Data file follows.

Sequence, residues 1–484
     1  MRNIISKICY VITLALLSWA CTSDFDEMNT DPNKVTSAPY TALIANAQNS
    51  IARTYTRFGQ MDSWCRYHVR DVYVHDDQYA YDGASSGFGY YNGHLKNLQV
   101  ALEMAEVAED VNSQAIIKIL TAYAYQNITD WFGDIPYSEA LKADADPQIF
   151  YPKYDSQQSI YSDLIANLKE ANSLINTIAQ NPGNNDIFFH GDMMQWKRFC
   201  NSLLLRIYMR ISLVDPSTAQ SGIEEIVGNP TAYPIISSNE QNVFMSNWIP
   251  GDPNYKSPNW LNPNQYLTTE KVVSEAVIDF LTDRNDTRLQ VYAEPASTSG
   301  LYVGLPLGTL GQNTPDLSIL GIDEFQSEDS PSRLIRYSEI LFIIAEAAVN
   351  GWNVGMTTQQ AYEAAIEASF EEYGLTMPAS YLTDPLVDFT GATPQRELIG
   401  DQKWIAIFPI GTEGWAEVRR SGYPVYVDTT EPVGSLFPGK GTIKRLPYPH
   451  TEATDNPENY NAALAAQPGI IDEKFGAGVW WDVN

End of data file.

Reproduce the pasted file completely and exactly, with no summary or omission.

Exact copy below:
Sequence, residues 1–484
     1  MRNIISKICY VITLALLSWA CTSDFDEMNT DPNKVTSAPY TALIANAQNS
    51  IARTYTRFGQ MDSWCRYHVR DVYVHDDQYA YDGASSGFGY YNGHLKNLQV
   101  ALEMAEVAED VNSQAIIKIL TAYAYQNITD WFGDIPYSEA LKADADPQIF
   151  YPKYDSQQSI YSDLIANLKE ANSLINTIAQ NPGNNDIFFH GDMMQWKRFC
   201  NSLLLRIYMR ISLVDPSTAQ SGIEEIVGNP TAYPIISSNE QNVFMSNWIP
   251  GDPNYKSPNW LNPNQYLTTE KVVSEAVIDF LTDRNDTRLQ VYAEPASTSG
   301  LYVGLPLGTL GQNTPDLSIL GIDEFQSEDS PSRLIRYSEI LFIIAEAAVN
   351  GWNVGMTTQQ AYEAAIEASF EEYGLTMPAS YLTDPLVDFT GATPQRELIG
   401  DQKWIAIFPI GTEGWAEVRR SGYPVYVDTT EPVGSLFPGK GTIKRLPYPH
   451  TEATDNPENY NAALAAQPGI IDEKFGAGVW WDVN